Panorama Consulting has been a high-growth company since President Eric Kimberling first opened the doors seven years ago. In 2011, Panorama joined The Prescott Group and successfully integrated a corporate restructure that included bringing on new members to its leadership team and expanding service offerings. And like many high-growth companies, PCS started feeling the pinch of an operations framework that couldn’t keep up. Excel spreadsheet, anyone? It soon became clear that the ERP consultants needed a new ERP system themselves.
We knew the drill.
We followed our own proven ERP software selection methodology that began with identifying our business practices and future needs. After careful review of several impressive systems, we chose a best of breed solution that would provide greater insight into our consulting practice, and integrate our in-house operations seamlessly. Our phased communication and training plan included a combination of vendor and in-house multi-media instruction and hands-on practice in a planning environment. The ROI metrics were evident from the input of the very first project.
We live and breathe our espoused principles on a daily basis. So why did I find myself on the phone talking one of our ERP consultants down from the ledge?
Business begins with people.
ERP systems are designed to support a corporate offering, to enhance the ability of a company to maximize the impact of their industry differentiators and to enable sustainable growth. We stress that a successful ERP implementation begins with the fundamental understanding that the software must fit the business . . . and business begins with people.
In this case, the consultant was absolutely sold on the value of the new system. She was enthusiastic and optimistic in regards to the benefits to be reaped both personally and at the corporate level. But when the system inexplicably blocked her input and she viewed data that made no sense, frustration set in quickly. Another factor of her distress was the fact that she was working remotely and we had a hard initial deadline for financial input. Where other employees could call me over to their desks for some brief guidance, she was trying to sort out her confusion independently – and it wasn’t working. Once we sorted out the issues together, her unease immediately abated and her buy-in returned. The hope is that when the next “crisis” arises — as it inevitably will — she’ll have enough confidence both in the ERP system and the in-house support structure to avoid panic.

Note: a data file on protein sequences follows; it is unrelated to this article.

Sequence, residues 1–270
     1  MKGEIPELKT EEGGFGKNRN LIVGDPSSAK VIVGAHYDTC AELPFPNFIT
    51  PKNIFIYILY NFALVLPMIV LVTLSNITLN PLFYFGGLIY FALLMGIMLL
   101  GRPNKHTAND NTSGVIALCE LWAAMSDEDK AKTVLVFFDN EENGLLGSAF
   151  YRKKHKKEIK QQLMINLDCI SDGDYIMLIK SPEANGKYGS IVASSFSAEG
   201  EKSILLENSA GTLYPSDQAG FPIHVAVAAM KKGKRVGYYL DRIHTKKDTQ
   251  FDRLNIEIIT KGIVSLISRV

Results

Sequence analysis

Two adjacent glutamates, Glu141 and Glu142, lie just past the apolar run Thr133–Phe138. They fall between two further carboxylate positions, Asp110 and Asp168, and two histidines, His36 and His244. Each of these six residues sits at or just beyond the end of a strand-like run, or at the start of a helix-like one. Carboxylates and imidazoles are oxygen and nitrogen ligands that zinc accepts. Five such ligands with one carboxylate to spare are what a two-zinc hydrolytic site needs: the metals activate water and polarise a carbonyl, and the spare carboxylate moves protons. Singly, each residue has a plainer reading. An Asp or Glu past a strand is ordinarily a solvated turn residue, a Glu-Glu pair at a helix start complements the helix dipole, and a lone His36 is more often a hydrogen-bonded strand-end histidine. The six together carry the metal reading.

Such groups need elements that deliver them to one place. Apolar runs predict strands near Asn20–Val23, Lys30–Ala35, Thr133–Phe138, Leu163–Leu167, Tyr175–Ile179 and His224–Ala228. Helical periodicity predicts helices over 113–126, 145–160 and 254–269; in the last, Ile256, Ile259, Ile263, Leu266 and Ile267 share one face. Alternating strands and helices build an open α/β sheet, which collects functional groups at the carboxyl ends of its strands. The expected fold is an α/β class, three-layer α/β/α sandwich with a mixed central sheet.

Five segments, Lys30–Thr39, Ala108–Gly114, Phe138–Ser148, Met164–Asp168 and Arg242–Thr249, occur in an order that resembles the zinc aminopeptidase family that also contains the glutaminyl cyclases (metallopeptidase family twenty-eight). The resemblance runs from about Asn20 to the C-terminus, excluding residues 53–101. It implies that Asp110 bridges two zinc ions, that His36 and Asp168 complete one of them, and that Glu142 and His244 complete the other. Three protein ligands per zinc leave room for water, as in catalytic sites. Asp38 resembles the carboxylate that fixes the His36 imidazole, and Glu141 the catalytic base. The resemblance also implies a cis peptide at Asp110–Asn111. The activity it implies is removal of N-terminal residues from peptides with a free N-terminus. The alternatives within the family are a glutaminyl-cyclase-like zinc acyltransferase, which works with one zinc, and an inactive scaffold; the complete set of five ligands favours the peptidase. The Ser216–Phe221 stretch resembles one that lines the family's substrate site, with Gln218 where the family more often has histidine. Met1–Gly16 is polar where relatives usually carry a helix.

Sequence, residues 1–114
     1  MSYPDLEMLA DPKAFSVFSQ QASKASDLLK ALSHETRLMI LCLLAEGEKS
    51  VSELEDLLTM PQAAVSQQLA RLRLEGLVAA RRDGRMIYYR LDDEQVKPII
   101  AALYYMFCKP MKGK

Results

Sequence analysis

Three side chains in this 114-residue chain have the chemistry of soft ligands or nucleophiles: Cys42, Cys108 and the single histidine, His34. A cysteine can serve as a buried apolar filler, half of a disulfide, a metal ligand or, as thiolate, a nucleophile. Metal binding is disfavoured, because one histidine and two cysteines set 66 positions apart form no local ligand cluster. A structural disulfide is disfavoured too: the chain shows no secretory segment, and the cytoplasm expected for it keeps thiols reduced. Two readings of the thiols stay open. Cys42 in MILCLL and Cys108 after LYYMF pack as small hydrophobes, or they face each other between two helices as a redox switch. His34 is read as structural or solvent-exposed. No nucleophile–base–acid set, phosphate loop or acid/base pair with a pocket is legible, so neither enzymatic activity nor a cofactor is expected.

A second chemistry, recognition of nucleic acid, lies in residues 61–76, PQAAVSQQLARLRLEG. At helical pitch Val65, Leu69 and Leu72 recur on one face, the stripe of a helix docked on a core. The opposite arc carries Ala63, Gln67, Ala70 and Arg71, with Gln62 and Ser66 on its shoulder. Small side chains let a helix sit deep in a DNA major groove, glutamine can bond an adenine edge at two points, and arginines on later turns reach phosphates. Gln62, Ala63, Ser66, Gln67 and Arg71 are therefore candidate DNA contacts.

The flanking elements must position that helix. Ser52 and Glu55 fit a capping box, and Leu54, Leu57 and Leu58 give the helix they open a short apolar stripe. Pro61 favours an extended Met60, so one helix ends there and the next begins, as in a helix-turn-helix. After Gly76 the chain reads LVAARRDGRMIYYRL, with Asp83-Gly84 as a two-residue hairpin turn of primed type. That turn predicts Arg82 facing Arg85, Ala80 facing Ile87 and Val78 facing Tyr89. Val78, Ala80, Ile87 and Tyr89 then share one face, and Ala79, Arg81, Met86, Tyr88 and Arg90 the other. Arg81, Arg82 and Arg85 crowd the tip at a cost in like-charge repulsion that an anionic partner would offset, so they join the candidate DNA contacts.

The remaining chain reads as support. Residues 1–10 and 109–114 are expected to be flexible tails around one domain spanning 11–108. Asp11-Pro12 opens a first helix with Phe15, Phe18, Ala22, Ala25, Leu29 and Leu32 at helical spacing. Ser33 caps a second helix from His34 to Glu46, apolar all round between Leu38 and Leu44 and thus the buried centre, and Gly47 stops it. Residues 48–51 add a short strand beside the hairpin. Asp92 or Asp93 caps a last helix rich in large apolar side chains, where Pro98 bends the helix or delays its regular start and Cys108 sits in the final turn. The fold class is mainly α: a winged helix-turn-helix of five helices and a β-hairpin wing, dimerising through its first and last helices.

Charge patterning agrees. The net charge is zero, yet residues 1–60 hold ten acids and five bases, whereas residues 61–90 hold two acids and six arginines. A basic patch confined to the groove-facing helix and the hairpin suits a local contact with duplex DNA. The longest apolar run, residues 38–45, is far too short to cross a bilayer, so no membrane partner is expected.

Training must be an on-going process.
In the last days before going live, the implementation team put our new system through the ringer. As we uncovered real and perceived kinks in the system, (and bonded with our ERP vendor’s training personnel), we developed and documented strategies for consistency and success moving forward. So thankfully, we were prepared and able to reassure the consultant and sort out her issues easily.
Adult education is predicated on the understanding that adults learn best when their learning is experiential. Working in a production environment on real projects definitely provided further opportunities for learning both for our consultants and our implementation team. In our experience, anytime users can train with “real data,” their comprehension rises exponentially.
As we all know, learning anything new takes time. The point is to keep the training and support going until (and even after) end-users feel absolutely comfortable in the system. For more organizational change management tips to increase user buy-in, download A Guide to Increasing User Acceptance of ERP Systems in our resource center.
Written by Laura Florence, Senior ERP Consultant at Panorama Consulting Solutions.